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A Case Study On Stolen Antiquities From India – Summary

by Kartikey May 30th 2020

India is the safe haven for smuggling of ancient antiquities. According to UNESCO, an estimated 50,000 idols and artefacts had been stolen from India till 1989. The number, apparently, doubled and tripled over the years. In any given decade starting from the 1950s, according to conservative estimates, the number of Indian idols smuggled was between 10,000 to 20,000, valued at about Rs. 20,000 crores. According to the National Crime Records Bureau, 4,408 items were stolen from Indian temples between 2010 and 2012. Only 2,913 idols and antiquities have been traced to museums abroad in the last two decades. These alarming stats are sufficient enough to testify what India has become for antiquity smugglers.

Relevance of subject matter in recent times?

The current relevance of this subject matter owes its credit to the two significant developments, namely:

1. Tabling of CAG report, 2013 (REPORT TITLED: PERFORMANCE AUDIT OF PRESERVATION AND CONSERVATION OF MONUMENTS AND ANTIQUITIES). Since then no action has been taken on the suggestions made under this CAG report by Indian Government.

2. The buzz of a new Bill on this subject proposed by ASI  (THE ANTIQUITIES AND ART TREASURES REGULATION, EXPORT AND IMPORT CONTROL BILL, 2018). The proposed Bill, if passed, will be highly detrimental to the restoration and preservation of smuggled antiquities from India.

Modus operandi involved in smuggling of antiquities

Mode 1 : For smuggling of small antiquities.


Dealers and auction houses are equipped with research materials on our ancient sites. In some cases, they are even assisted by local experts, who conduct site visits, wherein they identify the merit of idols or else hire local smugglers to visit sites, take photos and offer it to networks for potential buyers — over email, social media and WhatsApp. Once the target gets identified, the price is negotiated and local dealers engage low profile thieves to commit theft of idols. Those low profile thieves, without knowing the presence of larger syndicate, commit theft and take the stolen idol to a place safe hiding or else they drop the same to some nearby forests, tanks or ponds. If the theft goes unnoticed, they move in to take away everything from the site. If caught, thieves easily get bail on the charges of minor theft.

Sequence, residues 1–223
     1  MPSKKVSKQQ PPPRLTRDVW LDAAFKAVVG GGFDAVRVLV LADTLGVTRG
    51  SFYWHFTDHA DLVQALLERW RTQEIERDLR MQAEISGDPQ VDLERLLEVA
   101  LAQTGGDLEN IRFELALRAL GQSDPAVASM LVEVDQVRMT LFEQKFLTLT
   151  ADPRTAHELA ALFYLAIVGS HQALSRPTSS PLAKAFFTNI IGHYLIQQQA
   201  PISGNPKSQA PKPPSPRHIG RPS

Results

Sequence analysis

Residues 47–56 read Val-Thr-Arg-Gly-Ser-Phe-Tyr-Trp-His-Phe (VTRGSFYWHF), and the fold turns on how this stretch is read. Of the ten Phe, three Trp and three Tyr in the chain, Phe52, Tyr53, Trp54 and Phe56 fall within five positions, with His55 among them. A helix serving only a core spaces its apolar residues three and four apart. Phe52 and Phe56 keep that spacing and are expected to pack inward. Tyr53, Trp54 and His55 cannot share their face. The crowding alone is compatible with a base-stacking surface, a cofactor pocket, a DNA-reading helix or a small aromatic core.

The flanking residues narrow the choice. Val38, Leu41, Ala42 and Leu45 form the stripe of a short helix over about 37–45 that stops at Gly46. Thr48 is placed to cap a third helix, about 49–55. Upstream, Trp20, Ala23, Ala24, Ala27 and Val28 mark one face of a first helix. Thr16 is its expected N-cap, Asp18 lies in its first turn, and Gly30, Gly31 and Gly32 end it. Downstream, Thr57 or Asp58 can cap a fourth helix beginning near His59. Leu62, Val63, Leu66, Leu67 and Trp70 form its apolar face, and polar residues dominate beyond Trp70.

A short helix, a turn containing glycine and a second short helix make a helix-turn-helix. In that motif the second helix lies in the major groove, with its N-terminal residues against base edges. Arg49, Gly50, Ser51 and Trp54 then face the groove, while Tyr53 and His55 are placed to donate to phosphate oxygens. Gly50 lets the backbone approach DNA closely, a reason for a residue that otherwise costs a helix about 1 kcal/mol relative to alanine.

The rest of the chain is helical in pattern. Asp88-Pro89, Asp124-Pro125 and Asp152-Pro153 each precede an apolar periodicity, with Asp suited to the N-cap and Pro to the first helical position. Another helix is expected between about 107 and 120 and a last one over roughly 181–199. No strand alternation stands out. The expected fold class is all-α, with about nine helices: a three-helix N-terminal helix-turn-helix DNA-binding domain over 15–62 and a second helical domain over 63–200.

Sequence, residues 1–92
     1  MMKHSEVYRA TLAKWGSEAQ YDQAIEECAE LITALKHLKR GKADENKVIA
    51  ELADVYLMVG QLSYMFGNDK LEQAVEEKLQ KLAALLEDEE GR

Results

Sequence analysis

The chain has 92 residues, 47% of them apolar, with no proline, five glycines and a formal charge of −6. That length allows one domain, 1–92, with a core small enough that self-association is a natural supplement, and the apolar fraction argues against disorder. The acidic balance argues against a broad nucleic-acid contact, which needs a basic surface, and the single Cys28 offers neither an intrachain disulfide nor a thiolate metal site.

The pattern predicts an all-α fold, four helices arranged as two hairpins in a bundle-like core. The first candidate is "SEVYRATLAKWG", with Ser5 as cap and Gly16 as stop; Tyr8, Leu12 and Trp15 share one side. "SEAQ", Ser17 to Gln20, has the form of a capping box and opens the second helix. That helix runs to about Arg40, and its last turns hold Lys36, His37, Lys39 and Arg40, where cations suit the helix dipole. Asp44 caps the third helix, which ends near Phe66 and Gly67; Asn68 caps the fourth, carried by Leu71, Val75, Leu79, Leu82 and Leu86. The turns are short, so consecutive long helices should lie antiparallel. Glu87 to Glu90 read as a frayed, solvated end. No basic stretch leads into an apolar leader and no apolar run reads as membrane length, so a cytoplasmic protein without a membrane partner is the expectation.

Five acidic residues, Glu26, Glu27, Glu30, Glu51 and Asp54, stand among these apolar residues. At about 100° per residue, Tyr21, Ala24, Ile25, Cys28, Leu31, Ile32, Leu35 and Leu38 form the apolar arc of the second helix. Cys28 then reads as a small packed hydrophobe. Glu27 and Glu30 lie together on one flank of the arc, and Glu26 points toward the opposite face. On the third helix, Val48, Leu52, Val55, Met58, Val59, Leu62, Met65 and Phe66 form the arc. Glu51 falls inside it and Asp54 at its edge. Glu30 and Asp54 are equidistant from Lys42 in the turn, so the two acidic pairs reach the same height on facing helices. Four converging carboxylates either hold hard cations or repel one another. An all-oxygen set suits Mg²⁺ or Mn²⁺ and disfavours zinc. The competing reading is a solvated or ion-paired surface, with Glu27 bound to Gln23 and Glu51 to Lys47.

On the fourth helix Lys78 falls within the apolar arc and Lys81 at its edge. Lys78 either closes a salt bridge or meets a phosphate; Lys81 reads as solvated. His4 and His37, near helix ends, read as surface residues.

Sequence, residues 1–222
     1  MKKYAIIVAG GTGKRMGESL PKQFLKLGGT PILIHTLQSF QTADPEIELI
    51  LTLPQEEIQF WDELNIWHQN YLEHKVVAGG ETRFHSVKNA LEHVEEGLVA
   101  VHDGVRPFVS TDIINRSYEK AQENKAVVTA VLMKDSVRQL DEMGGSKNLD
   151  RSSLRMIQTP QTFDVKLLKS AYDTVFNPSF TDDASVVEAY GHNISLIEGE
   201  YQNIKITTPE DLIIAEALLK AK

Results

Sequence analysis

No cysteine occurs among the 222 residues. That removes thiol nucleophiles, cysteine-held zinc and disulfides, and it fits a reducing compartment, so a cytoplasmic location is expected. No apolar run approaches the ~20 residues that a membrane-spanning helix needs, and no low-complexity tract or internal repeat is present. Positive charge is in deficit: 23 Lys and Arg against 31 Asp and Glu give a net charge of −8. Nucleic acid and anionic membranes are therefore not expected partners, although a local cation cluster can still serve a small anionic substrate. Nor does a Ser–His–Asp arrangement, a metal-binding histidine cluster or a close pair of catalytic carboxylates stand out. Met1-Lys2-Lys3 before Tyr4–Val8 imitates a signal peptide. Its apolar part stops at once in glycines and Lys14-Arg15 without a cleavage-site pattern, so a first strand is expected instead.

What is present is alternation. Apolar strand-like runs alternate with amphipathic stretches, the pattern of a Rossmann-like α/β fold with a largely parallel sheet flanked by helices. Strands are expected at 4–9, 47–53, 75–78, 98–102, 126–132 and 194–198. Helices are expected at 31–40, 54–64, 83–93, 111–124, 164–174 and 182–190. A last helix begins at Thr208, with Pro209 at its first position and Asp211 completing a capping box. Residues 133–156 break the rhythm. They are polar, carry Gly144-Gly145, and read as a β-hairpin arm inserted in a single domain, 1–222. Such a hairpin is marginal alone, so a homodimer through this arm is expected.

Pictographic representation.

Mode 2 : For smuggling large size antiquities.


The modus of smuggling large sized artefacts is bit more complex and sophisticated in which smugglers / antiquity dealers offer the replicas to export promotion boards or the Archaeological Survey of India (ASI), to obtain an export license. The original is shipped off while the fakes are left in the temple, where unsuspecting devotees offer their prayers. Art dealers operating on a large scale ship the idols out by declaring that they are newly made handicrafts, brass ware and even as garden furniture. Adding that the shipments often end up at intermediary locations like Hong Kong, Bangkok and Singapore, where fake paperwork is generated.

Pictographic representation.

Broken idols : The most vulnerable one.

In temples across the country, priceless sculptures are priced out of their niches because of some damage. The tag of “binnam” is given and a donor is induced to fund a modern replica. They are then left outside, making them prime targets.

Restoration and recovery rates

According to Dr. Mahesh Sharma, Minister of State for Culture and Tourism (Independent Charge), the Archaeological Survey of India has recovered 40 antiquities 27 among them were recovered in the last 4 years. Out of this, 50% of the antiquities were from Tamil Nadu – Reason better documentation of antiquities in that State. States like Madhya Pradesh, Orissa, Rajasthan and West Bengal suffer the maximum from antiquities looting – Due to poor documentation. The official response towards stolen antiquities is dismal in India – Items, which were seized way back in 2007, have still not made their way home.

Cases registration rates.

According to the ministry of culture, 101 antiquities were stolen between 2000 and 2016 from 3,650 protected historical monuments around the country [There are about 5 Lakh unprotected monuments]. National Crime Records data, compiled from FIRs registered in police stations across the country, reveals a more realistic figure – 4,115 cases of ‘cultural property’ stolen in 2010-2014. Of these, 1,130 cases were resolved, leading to recoveries, but there are still 3,000 unsolved cases in just these four years. Add to these statistics the thefts in obscure temples in remote corners of India for which even police cases aren’t filed.